The BSG10X gym comes 90 percent pre-assembled in one box. The compact frame, less than 4 feet wide and 6-1/2 feet tall, makes it easy to install almost anywhere. A stable platform and multiple seat adjustments let the BSG10X accommodate users of all sizes. A 160-pound adjustable weight stack, high, mid, and low pulleys, and an eight-position adjustable press arm and leg developer station enable you to perform over 40 exercises safely and biomechanically correctly. The Powerline by Body-Solid Easy-Assembly Home Gym with 160-Pound Weight Stack (BSG10X) is designed to provide challenging, muscle-building workouts in a limited amount of space. For maximum convenience right out of the box, the gym ships 90 percent assembled and is ready to use after installing nine simple bolts. For most users, the process takes as little as 30 minutes. Once assembled, the home gym machine lets users safely and efficiently perform over 40 exercises. The traditional press bar is biomechanically designed for maximum chest concentration and muscle development, while the lat pulldown station allows unlimited, full range of motion through unilateral, bilateral, converging, or diverging movement. Low, mid, and high pulleys swivel to adjust a variety of different exercises for smooth, consistent resistance, and use military-grade steel aircraft cables with 2,200-pound tension strength. A telescoping, chrome-plated, adjustable seat post offers quick and smooth adjustment and proper body positioning. With an 11-gauge steel mainframe construction and electrostatically applied powder coat finish, this home workout machine is durably designed to stand up to years rigorous workouts in the home. The Powerline Home Gym measures 70 by 42 by 80 inches (L x W x H) and weighs 328 pounds. It is backed by the Powerline 10-Year In-Home Warranty, which covers the frame for 10 years and all other parts for one year.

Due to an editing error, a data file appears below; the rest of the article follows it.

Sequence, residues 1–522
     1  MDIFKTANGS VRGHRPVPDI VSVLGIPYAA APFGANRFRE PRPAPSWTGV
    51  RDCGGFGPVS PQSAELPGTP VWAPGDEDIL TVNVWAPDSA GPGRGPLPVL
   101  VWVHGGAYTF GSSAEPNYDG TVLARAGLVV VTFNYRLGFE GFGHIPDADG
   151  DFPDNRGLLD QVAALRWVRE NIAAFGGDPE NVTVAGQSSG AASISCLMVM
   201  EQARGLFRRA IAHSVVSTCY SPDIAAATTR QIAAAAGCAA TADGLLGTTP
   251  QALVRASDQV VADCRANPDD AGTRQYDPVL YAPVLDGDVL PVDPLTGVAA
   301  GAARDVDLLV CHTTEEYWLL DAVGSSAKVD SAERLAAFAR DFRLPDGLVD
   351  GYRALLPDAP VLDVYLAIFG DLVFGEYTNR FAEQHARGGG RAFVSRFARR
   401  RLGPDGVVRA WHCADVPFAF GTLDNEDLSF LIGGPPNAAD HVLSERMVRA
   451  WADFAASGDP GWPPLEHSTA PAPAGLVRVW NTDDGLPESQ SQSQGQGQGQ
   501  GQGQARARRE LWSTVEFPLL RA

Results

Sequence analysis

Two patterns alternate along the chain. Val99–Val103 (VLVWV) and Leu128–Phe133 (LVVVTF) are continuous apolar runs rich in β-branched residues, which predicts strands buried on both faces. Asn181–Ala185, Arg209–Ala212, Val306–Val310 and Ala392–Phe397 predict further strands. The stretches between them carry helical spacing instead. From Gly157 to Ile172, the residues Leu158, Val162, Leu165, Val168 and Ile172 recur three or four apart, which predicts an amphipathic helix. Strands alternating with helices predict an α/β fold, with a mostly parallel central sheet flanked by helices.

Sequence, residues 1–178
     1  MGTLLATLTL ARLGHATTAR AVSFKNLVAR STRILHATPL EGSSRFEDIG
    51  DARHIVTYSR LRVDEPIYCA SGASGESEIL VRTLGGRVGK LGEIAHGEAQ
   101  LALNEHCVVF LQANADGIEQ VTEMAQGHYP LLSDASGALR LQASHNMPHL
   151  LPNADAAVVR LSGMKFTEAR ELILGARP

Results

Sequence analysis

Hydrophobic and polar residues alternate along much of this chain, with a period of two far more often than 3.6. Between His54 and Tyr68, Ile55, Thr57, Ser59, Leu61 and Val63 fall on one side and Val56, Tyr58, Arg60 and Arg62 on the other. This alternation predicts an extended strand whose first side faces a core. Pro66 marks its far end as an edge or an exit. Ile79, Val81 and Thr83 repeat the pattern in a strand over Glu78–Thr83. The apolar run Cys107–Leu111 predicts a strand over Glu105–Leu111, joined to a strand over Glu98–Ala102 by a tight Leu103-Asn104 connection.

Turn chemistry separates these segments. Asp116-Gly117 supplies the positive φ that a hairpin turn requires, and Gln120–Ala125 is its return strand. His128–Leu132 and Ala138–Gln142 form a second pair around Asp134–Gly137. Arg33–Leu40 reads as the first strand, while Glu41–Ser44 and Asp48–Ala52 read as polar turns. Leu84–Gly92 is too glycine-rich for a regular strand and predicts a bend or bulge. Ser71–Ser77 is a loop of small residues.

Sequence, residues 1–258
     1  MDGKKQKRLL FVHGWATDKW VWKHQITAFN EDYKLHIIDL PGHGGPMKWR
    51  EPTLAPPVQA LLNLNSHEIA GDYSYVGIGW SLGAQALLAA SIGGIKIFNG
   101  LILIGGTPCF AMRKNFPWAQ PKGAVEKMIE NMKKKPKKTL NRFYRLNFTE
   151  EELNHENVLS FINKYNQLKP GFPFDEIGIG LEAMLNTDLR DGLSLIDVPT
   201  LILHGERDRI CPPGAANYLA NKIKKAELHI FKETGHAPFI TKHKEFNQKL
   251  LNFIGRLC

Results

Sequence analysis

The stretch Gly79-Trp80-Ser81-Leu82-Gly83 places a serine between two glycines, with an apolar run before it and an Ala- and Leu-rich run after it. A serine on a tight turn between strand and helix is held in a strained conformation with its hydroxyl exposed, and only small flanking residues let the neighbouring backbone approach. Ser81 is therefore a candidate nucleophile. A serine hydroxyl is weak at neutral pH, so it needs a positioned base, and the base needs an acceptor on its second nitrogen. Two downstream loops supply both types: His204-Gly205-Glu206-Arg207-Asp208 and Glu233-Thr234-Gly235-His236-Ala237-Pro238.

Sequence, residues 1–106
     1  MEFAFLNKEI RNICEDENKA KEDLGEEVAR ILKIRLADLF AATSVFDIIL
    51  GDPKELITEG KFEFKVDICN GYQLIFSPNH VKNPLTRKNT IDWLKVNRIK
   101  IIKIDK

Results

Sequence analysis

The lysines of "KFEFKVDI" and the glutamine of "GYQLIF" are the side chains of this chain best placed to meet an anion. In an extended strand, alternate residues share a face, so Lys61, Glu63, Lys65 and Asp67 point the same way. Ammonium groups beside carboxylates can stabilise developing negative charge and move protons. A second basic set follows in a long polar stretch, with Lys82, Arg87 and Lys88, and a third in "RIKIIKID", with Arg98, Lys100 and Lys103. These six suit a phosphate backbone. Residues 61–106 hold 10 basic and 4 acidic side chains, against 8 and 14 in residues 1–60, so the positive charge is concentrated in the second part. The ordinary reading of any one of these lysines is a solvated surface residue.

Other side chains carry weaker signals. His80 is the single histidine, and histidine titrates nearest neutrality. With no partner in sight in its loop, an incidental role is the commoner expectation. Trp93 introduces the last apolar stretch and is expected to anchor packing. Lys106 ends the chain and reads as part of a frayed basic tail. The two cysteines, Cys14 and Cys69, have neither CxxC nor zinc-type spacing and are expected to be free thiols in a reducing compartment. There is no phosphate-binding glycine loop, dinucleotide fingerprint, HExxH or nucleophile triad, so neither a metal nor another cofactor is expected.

Overall Product Rankings

1. Marcy Smith Cage Workout Machine Home Gym
Overall Score: 9.3
Expert Reviews: 18
2. Bowflex Blaze Home Gym
Overall Score: 8.9
Expert Reviews: 25
3. Fitness Reality Super Max Power Cage
Overall Score: 8.7
Expert Reviews: 3
4. Powerline Body-Solid Home Gym
Overall Score: 8.6
Expert Reviews: 13
5. Bowflex Xceed Home Gym
Overall Score: 8.5
Expert Reviews: 5
6. Bowflex PR1000 Home Gym
Overall Score: 8.5
Expert Reviews: 28
7. Marcy Multifunctional Home Gym
Overall Score: 8.3
Expert Reviews: 9
8. Golds Gym XR 55 Home Exercise Gym
Overall Score: 8.3
Expert Reviews: 7
9. MegaDeal Home Gym Weider
Overall Score: 7.8
Expert Reviews: 8

An Overview On Home Gyms

Proper exercise is one of the best ways to keep your body in tip-top shape. Not only will you have the energy and stamina to be productive throughout the day, but you’ll also build stronger bones and decrease your risk for heart disease. If you’re like many busy Americans, you may find it difficult to travel back and forth to the nearest gym. A home gym is much more practical, as it allows you to squeeze in exercise as you have time.